Mouraviev, N. and Kakabadse, N. K. (2012) Conceptualising public-private partnerships: A critical appraisal of approaches to meanings and forms. Society and Business Review.7(3), pp. 260-276. 1746-5680.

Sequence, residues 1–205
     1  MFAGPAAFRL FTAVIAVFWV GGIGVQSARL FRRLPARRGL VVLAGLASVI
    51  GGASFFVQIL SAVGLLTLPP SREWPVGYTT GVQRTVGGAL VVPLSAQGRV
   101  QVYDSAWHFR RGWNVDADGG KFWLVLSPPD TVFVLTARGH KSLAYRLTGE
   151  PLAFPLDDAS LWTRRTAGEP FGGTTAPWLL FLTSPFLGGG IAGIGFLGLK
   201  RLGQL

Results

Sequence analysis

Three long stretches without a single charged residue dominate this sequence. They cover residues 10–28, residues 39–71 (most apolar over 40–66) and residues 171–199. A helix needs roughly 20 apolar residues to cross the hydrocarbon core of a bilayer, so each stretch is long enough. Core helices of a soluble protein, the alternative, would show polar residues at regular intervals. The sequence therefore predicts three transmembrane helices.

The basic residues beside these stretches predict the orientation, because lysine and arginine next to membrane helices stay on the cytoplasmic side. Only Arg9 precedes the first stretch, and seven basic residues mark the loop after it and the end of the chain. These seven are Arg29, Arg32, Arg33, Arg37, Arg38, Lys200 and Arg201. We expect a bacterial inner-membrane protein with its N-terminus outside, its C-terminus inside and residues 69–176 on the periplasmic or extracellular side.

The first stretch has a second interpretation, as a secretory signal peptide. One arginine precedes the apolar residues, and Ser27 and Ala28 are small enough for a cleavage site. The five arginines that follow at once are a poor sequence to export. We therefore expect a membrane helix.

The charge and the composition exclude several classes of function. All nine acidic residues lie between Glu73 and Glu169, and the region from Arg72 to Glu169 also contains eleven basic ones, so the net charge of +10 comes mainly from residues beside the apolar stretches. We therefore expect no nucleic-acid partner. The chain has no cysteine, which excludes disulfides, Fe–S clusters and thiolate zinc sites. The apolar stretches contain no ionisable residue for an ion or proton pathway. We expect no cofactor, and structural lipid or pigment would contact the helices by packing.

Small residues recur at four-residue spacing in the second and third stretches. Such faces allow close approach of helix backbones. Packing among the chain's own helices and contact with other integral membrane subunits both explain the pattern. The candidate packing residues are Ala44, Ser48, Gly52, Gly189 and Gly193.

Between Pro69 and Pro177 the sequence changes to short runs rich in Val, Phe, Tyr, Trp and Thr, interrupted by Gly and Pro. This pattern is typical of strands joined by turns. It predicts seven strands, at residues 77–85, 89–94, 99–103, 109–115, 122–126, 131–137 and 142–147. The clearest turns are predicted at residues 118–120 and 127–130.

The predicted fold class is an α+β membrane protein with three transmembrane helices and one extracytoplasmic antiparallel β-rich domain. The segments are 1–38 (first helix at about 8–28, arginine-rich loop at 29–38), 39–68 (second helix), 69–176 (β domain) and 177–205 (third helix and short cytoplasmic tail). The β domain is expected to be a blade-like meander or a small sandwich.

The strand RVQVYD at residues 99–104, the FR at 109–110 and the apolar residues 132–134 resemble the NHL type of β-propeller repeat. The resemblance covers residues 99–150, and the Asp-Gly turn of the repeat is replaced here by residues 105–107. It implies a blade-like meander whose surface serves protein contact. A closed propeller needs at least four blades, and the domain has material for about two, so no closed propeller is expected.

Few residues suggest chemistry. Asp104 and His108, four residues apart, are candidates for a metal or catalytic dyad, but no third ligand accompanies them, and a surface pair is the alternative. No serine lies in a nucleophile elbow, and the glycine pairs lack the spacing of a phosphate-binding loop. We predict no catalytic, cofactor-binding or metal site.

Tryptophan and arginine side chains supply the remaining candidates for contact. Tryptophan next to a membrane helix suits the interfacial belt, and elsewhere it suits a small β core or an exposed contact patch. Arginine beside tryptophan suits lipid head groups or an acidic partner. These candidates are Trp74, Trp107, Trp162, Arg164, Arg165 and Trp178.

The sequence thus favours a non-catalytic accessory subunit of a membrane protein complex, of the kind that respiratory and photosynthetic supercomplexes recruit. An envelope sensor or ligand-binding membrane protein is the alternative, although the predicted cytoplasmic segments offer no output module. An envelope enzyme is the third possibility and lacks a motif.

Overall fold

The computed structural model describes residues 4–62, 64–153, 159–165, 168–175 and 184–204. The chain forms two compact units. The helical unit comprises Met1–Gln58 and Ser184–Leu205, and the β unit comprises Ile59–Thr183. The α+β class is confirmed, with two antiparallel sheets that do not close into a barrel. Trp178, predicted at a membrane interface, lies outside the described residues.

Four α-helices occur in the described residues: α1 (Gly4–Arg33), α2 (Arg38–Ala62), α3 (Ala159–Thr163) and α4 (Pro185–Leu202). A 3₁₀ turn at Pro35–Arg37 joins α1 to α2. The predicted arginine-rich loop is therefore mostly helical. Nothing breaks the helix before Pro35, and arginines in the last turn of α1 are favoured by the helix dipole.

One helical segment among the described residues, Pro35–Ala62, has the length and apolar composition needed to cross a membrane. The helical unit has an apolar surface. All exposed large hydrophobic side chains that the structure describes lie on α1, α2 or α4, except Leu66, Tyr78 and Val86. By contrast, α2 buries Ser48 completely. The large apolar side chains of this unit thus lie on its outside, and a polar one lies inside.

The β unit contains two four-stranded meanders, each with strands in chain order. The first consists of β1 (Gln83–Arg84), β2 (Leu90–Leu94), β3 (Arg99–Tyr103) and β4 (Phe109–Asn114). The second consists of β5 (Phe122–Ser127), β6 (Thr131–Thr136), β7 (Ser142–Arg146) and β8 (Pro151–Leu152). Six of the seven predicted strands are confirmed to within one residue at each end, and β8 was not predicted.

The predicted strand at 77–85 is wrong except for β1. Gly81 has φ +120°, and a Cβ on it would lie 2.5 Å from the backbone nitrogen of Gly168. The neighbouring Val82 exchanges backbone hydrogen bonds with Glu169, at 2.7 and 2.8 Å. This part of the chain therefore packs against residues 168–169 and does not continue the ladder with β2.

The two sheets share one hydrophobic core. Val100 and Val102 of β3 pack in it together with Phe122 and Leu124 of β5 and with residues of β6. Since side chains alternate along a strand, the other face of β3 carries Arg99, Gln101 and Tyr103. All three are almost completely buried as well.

Purpose – The purpose of this article is to survey various meanings attached to a public-private partnership (PPP) and related aspects in Western literature, and identify commonalities and differences between them. Additionally, the article intends to critically assess conflicting and overlapping views on contractual and institutional PPPs, their forms and models, and draw insights for transitional economies. Design/methodology/approach – The article contrasts and compares views on PPP meanings, forms and models within Western PPP literature, and also draws comparisons with understanding of partnership aspects in the Russian language sources. The article examines theories underpinning PPPs, builds connections to PPP advantages and drawbacks, and provides critical assessment of net benefits that PPPs may bring along to the society. Findings – The article concludes that future PPP research in transitional countries such as Kazakhstan and Russia, particularly in the area of organisational and power arrangements in partnerships, may delineate new concepts such as government as a guarantor of a PPP project, social significance of a PPP project, and risk management in a country's contextual environment. Practical implications – In transitional countries, in which PPPs are in their infancy, clarification of theoretical positions, and identification of commonalities and differences between meanings attached to the PPP terminology may enable better decisions by researchers and practitioners in their selection and further development of partnerships and related concepts. Originality/value – Research in the field of PPPs in transitional countries such as Russia and Kazakhstan is in its infancy. The paper intends to contribute to the body of knowledge about PPPs by providing detailed account and categorisation of their principal meanings, forms, models, underpinning theories, and drawing insights for future research in transitional countries.